A True Old-Time Threshing Story

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#1: ''Son'' Yost's Russell engine and 1896 Ohio hay press, pre 1930s.

Route 1, Box 332 Adena, Ohio 43901

Charles ‘Son’ Yost was an old time thresherman from way
back. In 1896, he purchased a new Ohio Cultivator hay press
pictured in the two photos accompanying this story. Later he
purchased a Russell steamer and a hand-fed Russell thresher and
still later a Rumely Oil Pull. He had a run around Harrisonville,
Ohio, until the 1930 depression when he borrowed $50.00 from the
bank against the baler and was unable to pay it back.

This is where my dad, Edgar Flowers, came into the story. He
bought the Ohio hay press from the bank. Picture #1 shows Son on
his Russell engine, hooked to the Ohio hay press and the baling
crew at an unidentified barn near Harrisonville, Ohio. Note the
wooden wheels on the hay press. Picture #2 shows the hay press in
1990 with my dad standing beside it. Note: steel wheels.

During the 1930’s, my dad bought the second Ohio hay press,
a later model, for $14.00. This press was borrowed from Ben Coleman
by Son and he was to buy it from him. My dad bought a new Avery
28′ thresher for the 1929 huge wheat crop. Son was to bale
behind him. Son ‘made the brag’ that he never saw a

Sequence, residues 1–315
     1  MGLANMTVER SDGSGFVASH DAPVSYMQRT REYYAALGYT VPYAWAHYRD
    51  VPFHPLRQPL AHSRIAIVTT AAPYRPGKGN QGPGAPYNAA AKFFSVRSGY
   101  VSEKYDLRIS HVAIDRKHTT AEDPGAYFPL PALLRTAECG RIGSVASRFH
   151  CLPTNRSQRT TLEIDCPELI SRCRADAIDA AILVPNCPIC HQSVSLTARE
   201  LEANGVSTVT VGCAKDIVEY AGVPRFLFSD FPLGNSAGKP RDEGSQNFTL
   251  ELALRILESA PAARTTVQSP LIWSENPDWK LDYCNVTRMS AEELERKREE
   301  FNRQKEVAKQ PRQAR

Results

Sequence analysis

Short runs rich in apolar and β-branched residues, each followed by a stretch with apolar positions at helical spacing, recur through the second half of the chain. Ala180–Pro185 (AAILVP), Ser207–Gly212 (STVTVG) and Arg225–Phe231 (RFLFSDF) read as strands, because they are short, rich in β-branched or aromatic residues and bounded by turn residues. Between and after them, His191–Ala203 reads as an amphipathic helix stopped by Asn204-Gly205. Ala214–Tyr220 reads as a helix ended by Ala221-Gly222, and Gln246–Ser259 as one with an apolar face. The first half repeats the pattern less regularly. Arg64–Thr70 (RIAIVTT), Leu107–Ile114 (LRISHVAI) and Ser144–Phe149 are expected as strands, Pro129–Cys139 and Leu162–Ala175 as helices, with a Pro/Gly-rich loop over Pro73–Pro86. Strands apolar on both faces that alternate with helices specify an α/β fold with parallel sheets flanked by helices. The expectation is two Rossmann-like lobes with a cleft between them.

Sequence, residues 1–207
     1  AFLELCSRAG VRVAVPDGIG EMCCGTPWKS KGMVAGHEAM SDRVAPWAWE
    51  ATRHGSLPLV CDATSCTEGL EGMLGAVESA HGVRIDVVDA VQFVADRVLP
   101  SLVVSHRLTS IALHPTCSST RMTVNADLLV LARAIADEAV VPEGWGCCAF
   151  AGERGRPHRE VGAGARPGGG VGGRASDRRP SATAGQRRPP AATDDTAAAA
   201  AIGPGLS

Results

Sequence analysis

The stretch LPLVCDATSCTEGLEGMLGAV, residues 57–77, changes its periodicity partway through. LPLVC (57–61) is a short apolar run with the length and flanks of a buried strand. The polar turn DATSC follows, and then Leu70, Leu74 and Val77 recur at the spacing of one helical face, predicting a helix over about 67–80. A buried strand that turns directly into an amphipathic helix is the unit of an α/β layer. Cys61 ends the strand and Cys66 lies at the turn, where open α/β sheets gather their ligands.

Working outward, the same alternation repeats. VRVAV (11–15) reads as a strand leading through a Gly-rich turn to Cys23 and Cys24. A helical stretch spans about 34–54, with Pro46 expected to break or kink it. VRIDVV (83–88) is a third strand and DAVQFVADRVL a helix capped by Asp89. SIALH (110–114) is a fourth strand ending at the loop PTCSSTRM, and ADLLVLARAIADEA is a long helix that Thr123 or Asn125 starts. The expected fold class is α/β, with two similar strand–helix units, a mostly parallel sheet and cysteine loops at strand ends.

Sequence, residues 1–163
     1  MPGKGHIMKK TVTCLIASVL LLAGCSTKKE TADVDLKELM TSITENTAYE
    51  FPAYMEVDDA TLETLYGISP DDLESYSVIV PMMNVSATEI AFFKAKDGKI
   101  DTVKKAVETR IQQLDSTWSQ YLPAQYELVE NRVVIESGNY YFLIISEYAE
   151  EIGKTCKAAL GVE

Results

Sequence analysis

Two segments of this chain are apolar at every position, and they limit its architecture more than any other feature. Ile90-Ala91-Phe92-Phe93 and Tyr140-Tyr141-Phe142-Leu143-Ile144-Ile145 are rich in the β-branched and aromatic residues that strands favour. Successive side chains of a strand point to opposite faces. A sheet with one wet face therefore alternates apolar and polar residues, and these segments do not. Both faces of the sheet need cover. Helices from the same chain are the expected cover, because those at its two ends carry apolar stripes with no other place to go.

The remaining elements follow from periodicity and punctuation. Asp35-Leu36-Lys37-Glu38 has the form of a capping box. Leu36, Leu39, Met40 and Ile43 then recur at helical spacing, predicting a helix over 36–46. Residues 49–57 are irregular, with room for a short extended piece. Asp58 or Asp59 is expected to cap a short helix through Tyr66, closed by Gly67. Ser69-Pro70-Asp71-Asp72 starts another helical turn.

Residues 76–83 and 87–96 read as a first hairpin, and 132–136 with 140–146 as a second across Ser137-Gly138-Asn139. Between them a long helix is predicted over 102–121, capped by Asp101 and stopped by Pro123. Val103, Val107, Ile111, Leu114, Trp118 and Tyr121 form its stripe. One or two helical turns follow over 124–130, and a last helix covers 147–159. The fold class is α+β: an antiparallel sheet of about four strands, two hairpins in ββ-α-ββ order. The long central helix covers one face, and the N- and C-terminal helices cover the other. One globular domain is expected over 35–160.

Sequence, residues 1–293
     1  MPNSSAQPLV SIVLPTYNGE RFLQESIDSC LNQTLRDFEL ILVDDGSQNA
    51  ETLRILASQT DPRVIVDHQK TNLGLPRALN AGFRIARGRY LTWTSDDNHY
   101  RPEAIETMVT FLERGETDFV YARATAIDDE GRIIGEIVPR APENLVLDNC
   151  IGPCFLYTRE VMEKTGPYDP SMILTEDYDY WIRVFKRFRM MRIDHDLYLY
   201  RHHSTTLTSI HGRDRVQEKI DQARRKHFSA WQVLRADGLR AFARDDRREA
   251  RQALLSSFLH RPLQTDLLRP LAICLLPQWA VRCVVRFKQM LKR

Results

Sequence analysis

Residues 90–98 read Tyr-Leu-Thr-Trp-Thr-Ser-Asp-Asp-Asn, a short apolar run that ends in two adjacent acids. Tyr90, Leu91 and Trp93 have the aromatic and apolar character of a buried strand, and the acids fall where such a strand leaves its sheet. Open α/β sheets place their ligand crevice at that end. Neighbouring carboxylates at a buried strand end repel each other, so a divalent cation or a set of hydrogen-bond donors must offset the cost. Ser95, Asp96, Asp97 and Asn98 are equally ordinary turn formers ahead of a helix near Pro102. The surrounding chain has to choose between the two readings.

separator that he couldn’t keep up to with his baler. He found
one. He increased the speed so much that the hay press blew up.

With the two balers, a machinist from Cadiz, Ohio, took the two
apart and used the best gears and the wagon to make the Yost baler
in good condition. My dad used the Ohio press until 1950 when he
bought a new John Deere wire tie baler.

I remember Son Yost as an ‘old cronie’ up at Giffens Ice
Cream store telling stories. As a kid, I was all ears.

#2: Edgar Flowers standing beside the 1896 Ohio hay press that
was bought new by Charles ‘Son’ Yost. Edgar passed away
October 11, 1990.

My dad just passed away in October 1990, but he was active to
that day, having just returned from setting up a display at the
Algonquin Mill just prior to the show.

Picture #1 is loaned to me by Dean Rinkes, grandson of Son

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